3 Haziran 2013 Pazartesi

The Influence of "Evolutionist Science" in Mao's Famine

In the years between 1958 and 1961, as a result of Mao's Great Leap policy, all of China suffered what's accepted as the greatest, most deadly famine in history. It is estimated that as a result, as many as 40 million died. (Such numbers equaled and even surpassed the entire population of many countries of that time.)
What was the cause of this disaster? As mentioned above, Mao's militants forced the peasants into collectivization and founded communes of between 100 and 300 families—which greatly reduced agricultural productivity. In some areas, Maoist administrations punished peasants with deliberate starvation.
Great Leap, Lysenko
A propaganda poster for the Great Leap depicts Mao as an agricultural genius in a rich field. However, Mao's reliance on and implementation of Lysenko's methods resulted in an agricultural disaster.
Another important reason for this calamity is that Mao tried to adapt to Chinese agriculture the "Lysenko model" applied in the Soviet Union in the 1930s and 40s. When he forced these experiments on the peasants, the result was huge losses in agricultural production.
We examined Trofim Lysenko before. As a result of the nonsensical "proletarian science" of the Stalin era, Soviet biology was entrusted to Lysenko, an ardent evolutionist. Lysenko rejected the science of genetics adopting instead a theory by Lamarck, a leading Darwinist who believed in the "inheritance of acquired traits." When Lysenko's myth was applied to Soviet agriculture, the losses were immense.
But Mao did not learn from this disaster of the Stalinist period—on the contrary he and his supporters, educated from their youth on a strict Darwinism, continued to believe in "proletarian science" and to distort real science, according to the requisites of the theory of evolution. The Great Leap imitated Lysenko's model, and Chinese peasants were forced to perform agriculture according to principles of "evolutionist science."
Jasper Becker, Beijing bureau chief of South China Morning Post, in his book entitled Hungry Ghosts: Mao's Secret Famine, relates in detail the Lysenkoist agricultural enterprise put into effect during the Great Leap. These attempts, each of which resulted in a separate disaster, were: 
Close Planting: Lysonko, thinking that seeds evolve by adopting to their habitat, declared that planting seeds very close together would create "socialist solidarity" among them. The Maoists undertook to apply this myth. Until that time, in Southern China, about 1.5 million seeds were sown on any one acre of land. In 1958, the Communists ordered this amount to be increased to between 6 and 7 million seeds. In 1959, they again increased the amount, to between 12 and 15 million. As a result, a very large number of seeds went to waste, and agricultural production suffered a severe decline.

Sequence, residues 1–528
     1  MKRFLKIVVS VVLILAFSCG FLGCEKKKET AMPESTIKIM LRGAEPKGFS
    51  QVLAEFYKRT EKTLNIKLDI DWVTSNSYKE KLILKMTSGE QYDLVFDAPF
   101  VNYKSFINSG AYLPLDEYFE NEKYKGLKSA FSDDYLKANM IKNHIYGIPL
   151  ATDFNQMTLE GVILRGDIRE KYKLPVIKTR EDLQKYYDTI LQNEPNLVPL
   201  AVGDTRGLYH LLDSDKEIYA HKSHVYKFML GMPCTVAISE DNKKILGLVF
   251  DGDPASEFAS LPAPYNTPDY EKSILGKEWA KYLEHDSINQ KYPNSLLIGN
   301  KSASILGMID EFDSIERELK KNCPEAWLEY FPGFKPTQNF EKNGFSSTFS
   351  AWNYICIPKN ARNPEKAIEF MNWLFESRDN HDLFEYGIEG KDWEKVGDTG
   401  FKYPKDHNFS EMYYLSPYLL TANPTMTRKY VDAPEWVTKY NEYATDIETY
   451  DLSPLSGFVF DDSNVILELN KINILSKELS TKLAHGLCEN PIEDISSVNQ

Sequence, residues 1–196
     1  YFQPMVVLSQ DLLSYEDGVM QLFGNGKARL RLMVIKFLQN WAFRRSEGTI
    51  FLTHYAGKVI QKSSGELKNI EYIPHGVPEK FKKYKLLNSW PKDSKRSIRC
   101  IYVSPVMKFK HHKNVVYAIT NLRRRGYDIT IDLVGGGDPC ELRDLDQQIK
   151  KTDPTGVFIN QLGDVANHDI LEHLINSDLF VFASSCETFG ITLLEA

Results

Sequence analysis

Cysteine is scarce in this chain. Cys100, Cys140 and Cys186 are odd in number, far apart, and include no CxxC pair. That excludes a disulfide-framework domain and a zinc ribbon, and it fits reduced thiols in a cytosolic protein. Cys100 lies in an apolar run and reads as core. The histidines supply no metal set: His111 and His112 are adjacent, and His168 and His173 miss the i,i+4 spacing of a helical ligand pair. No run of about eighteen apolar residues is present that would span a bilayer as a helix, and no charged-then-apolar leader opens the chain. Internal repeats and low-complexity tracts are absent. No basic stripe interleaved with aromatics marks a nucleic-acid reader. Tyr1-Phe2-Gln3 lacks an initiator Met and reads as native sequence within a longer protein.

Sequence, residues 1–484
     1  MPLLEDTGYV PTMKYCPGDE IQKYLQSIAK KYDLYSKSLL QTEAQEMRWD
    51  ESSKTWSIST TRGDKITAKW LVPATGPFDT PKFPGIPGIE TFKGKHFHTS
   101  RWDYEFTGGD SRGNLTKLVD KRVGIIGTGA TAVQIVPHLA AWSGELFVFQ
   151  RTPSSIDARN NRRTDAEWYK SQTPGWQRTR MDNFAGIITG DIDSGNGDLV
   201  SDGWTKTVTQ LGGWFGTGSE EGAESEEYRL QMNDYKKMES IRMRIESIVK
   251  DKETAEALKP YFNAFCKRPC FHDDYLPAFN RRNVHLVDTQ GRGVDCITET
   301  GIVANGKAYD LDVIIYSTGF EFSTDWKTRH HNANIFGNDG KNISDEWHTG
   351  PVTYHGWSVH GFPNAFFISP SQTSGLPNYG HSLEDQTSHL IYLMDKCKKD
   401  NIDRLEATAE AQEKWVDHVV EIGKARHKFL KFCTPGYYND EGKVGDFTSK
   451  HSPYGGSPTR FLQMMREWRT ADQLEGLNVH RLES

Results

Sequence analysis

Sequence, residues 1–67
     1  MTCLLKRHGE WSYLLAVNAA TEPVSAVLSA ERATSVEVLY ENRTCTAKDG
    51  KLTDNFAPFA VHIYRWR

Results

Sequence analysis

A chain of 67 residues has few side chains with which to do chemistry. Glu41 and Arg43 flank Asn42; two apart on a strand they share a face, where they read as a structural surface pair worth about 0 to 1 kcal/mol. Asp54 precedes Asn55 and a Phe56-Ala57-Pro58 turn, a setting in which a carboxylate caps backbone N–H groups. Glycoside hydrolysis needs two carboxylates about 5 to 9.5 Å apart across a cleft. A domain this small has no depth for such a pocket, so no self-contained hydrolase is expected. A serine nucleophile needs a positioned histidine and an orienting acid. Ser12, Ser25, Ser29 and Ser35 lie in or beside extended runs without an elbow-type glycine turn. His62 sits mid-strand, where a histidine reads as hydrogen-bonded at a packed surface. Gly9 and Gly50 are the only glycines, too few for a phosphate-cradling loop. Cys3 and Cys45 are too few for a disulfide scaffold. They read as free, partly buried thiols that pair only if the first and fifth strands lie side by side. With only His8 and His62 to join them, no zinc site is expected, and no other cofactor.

Deep Plowing: One of Lysenko's assistants, Teventy Maltsev, claimed that deep plowing would allow plants to establish better root systems. Chinese Communists adopted and applied this Lamarckist claim. During the Great Leap, Chinese peasants were ordered to plow their fields to a depth of 1.5 meters. As a result, tens of millions of peasants were forced to spend months hoeing. Again, the outcome was great loss of production, resulting in famine.
The Sparrow Hunt: Mao initiated a campaign to eliminate various species of animals that damaged agricultural production. Sparrows became the main target of this campaign. Special methods were employed to hunt and kill sparrows throughout the whole of China. But as a result, there was an explosion in the number of insects and other pests that the sparrows had been eating, and they damaged agricultural production much more than the sparrows ever had.
Agriculture Without Fertilizer: Following Lysenko's recommendations, Chinese Communists stopped using chemical fertilizer. (It was imagined that when seeds were deprived of fertilizer, they would "evolve" by adapting to this new situation thus ensuring the same yield without the use of fertilizing additives.) This experiment caused yet another great loss in agricultural production.
All these initiatives, relying as they did on Lysenko's myth of evolution, caused the greatest famine in history. But although millions were dying of starvation, no one dared criticize the regime or the calamity it caused. One individual, General Peng Dehuai, the defense minister, wrote Mao a letter in which he tried to describe this disastrous famine. Later he was accused of being a "rightist" and was eliminated. During the famine, official reports all falsified the situation by saying that brilliant results had been achieved in agricultural production. Moreover, in order to convince the world of this lie, China exported vast amounts of grain. While people were dying of starvation in some areas of the country, grain and rice were being kept in warehouses, later to be exported.76
Later, the same agricultural policy was put into effect in Communist Cambodia and North Korea, with the same results: a great lack of productivity, famine and mass death. Blindly and without awareness or intelligence, Communists applied Lysenko and Stalin's "Communist leap in agriculture," because the theory of evolution at the base of their materialist philosophy demanded it.

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